Next in line is Import, but it makes more sense to skip ahead to Export, discuss that option first, and then come back to Import once that is finished. Export takes each item in the queue and generates an XML file with the conversion parameters for each entry — much like the Generate Batch Script tool does. Unlike the batch script though, this file requires that HandBrake be open for it to be of use: once the generated XML file has been saved, Import is used to populate the queue with the items referenced within the XML file. In practice it makes sense to use the Export and Import tools when the need to edit conversion parameters for some or all of the items in the queue may present itself at a later date. Besides editing the Query Editor, there is no way to modify conversion parameters in a generated batch script; however, once a queue is imported using the Import tool, each item can be edited using the Edit function.
Finally, the dropdown menu at the top of the Encode Queue window, labeled “When Done:”, allows for a specific action to be taken once the queue has finished converting. These options include Do Nothing, Shutdown, Suspend, Hibernate, Lock System, Log Off, and Quit HandBrake. Due to the fact that encodes in general and especially those using high-level settings take quite some time to complete, this feature often comes in handy.
Encode Queue’s second section, labeled “Current Job”, contains information pertaining the the current conversion’s progress such as the source and destination location, progress, time remaining, and the parameters the video is being converted with.
The third and final section of the Encode Queue window displays each queue entry. Additionally, this area also displays the status of the current job, the number of chapters in the video, the location of the source and destination files, and the video and audio encoder HandBrake will use during the conversion. Right-clicking any of the entries in this area will cause a dropdown menu to appear containing four of the options discussed above: Move Up, Move Down, Edit, and Delete.
Next to the Show Queue button, the Preview button opens the Video Preview window. From this window a preview of the current source video, with the conversion parameters specified in HandBrake’s main window, can be quickly rendered to test the appropriateness of the output. This tool is especially useful when converting a video with subtitles, for example, to check and see if the video is going to appear as desired before spending an hour on the encode. Within the Video Preview window there are two fields and a few buttons: the first field, labeled “Start at preview:”, is used to select a starting point for the preview. The numbers in the corresponding dropdown menu do not necessarily correspond to seconds or chapters in the source video, they are simply arbitrary beginnings points for the encode. Next, the field labeled “Duration:” defines how long, in seconds, the preview should last. At the bottom of the window, the “Use system default player” checkbox causes the preview video, once encoded, to play using your system default player; otherwise, HandBrake uses VLC. Clicking the Play button to the right of the checkbox will begin encoding the preview video regardless of whether or not a video is already being converted in HandBrake’s main window or from the queue. Once finished, the preview video will be saved to the default output directory, from which it can be dealt with in the same manner a normal video would be. As soon as the preview is rendered, it will begin playing.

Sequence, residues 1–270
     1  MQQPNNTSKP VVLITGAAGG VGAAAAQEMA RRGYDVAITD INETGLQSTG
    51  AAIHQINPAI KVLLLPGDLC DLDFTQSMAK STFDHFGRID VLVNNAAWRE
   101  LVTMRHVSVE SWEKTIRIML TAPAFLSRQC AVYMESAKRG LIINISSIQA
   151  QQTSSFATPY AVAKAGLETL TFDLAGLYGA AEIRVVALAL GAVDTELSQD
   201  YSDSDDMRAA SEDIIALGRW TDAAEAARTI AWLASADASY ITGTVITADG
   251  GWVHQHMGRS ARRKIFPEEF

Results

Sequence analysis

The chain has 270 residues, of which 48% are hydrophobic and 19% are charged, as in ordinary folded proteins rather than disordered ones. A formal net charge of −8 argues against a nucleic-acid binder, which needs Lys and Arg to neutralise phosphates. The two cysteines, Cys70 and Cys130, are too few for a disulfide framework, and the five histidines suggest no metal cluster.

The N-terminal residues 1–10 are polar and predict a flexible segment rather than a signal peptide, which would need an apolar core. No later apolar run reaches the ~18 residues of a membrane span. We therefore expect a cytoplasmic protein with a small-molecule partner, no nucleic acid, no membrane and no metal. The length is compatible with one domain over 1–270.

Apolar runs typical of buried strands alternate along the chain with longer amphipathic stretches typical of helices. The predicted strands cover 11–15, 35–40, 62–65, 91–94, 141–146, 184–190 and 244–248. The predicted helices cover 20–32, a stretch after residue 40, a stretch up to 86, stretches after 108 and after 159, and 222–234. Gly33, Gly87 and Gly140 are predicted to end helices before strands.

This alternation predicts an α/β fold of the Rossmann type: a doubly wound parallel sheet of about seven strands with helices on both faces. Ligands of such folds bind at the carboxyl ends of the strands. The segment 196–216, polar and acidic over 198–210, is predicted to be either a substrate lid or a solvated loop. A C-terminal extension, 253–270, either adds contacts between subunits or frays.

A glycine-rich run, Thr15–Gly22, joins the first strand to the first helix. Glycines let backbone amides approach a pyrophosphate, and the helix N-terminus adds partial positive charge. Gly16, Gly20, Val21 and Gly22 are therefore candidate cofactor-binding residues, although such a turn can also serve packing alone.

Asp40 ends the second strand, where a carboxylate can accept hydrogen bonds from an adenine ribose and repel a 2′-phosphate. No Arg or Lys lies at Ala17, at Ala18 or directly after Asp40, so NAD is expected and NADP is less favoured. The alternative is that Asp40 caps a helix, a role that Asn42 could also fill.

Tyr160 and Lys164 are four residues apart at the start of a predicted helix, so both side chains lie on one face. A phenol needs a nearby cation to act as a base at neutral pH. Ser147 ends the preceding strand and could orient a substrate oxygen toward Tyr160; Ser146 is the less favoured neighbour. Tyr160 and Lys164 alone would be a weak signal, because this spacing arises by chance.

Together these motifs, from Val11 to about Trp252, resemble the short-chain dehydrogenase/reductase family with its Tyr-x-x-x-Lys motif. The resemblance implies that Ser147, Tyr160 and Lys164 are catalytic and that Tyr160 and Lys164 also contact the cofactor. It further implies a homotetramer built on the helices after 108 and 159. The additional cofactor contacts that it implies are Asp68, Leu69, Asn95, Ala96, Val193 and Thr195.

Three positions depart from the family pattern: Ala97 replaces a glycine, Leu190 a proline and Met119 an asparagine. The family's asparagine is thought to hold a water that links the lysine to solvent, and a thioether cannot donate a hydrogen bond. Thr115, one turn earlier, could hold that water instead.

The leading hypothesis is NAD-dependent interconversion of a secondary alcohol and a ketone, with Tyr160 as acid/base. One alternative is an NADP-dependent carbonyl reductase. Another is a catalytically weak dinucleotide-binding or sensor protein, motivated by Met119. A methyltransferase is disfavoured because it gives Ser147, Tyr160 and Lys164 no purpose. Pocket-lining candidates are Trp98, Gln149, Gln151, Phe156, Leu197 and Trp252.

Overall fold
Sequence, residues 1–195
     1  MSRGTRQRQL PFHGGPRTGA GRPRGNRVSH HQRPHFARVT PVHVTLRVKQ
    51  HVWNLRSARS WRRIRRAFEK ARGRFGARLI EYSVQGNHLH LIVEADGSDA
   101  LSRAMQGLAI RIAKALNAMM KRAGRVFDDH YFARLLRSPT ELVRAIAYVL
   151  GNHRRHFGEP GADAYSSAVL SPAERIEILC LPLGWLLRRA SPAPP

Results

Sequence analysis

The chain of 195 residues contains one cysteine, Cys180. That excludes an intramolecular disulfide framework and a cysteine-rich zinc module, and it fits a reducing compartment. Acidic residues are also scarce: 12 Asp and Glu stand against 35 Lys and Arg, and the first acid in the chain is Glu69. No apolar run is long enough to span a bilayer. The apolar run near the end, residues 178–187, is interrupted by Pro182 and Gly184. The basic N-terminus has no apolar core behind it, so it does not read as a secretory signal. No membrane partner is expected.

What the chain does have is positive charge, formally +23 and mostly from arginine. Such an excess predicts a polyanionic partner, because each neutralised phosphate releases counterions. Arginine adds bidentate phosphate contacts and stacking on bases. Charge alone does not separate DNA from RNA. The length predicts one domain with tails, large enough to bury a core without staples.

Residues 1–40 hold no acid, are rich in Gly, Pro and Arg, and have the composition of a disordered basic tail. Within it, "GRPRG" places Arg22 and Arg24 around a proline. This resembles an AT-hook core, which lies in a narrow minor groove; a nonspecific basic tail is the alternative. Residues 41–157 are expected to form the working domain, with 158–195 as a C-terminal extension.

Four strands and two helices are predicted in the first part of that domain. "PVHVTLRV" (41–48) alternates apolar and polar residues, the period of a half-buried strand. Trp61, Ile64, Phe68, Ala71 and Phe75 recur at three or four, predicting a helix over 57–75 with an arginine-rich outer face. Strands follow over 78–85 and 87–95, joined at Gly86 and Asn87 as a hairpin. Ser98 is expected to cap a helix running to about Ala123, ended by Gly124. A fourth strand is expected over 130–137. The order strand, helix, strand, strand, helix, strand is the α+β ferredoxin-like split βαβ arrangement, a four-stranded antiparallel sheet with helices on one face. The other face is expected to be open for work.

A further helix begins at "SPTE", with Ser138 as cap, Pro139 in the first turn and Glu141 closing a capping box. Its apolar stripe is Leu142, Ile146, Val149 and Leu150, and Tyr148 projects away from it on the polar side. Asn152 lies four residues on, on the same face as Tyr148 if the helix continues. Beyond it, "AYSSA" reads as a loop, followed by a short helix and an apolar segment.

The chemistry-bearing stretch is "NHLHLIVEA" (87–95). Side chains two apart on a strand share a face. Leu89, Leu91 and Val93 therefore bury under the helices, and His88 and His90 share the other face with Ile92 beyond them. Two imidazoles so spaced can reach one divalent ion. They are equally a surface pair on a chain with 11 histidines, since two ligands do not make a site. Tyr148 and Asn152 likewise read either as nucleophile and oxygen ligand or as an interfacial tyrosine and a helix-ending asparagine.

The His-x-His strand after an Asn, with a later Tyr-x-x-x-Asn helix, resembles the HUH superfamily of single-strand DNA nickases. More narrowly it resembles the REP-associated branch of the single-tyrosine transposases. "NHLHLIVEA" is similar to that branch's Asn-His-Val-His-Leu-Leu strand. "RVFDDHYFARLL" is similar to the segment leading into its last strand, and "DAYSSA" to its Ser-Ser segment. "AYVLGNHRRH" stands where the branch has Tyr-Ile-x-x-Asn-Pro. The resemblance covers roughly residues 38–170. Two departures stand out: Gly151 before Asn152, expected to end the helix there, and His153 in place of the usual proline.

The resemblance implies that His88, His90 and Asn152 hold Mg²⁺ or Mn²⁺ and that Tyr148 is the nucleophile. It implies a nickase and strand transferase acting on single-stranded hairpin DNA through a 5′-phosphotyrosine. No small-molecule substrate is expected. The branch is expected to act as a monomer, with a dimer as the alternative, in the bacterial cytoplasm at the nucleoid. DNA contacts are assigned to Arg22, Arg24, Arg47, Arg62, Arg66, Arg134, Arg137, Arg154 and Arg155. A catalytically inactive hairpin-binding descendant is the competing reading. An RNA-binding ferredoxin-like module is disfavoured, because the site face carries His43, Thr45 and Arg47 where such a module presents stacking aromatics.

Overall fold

Last in line, the Activity Window button either opens or brings the Activity Window to the front. The Activity Window is automatically populated by something called the Scan Log. Every time a video is opened in HandBrake, HandBrake scans it for information to fill the main window with. The queried information includes filename, path (location), duration, video codec, bitrate, frame rate, and practically every other detail one could ever wish to know about a video. Once HandBrake has obtained this information it not only populates the relevant fields in the main window with that information, but also writes that information to the Scan Log. HandBrake saves the most recent scan log to the logs directory, which can be located by right-clicking the scan log’s window and firing on “Open Individual Log File Directory”. As a side note, clicking the “Copy” option, or clicking the “Copy to clipboard” button at the top of the Activity Window, will copy the scan log to the clipboard. The most recent scan log is saved as “last_scan_log1.txt”.
Back in the Activity Window, the dropdown menu currently labeled “Scan Log” contains one other option, allowing for the selection of the Encode Log as the current view rather than the Scan log. Every time HandBrake converts a video, details of the conversion such as path, output directory, and conversion parameters — as well as some of the video’s properties — are saved to the encode log. During the conversion, the encode log also contains information as to the conversion’s progress. Selecting “Encode Log” displays the most recent encode log in the Activity Window. The most recent encode log is also saved to the logs folder, just as the Scan Log is, as “last_encode_log1.txt”. Additionally, previous encode logs are combined with the respective video’s scan log and saved as a single plaintext file in the logs directory. These logs are named after the video from which their information was derived.
The Source Section #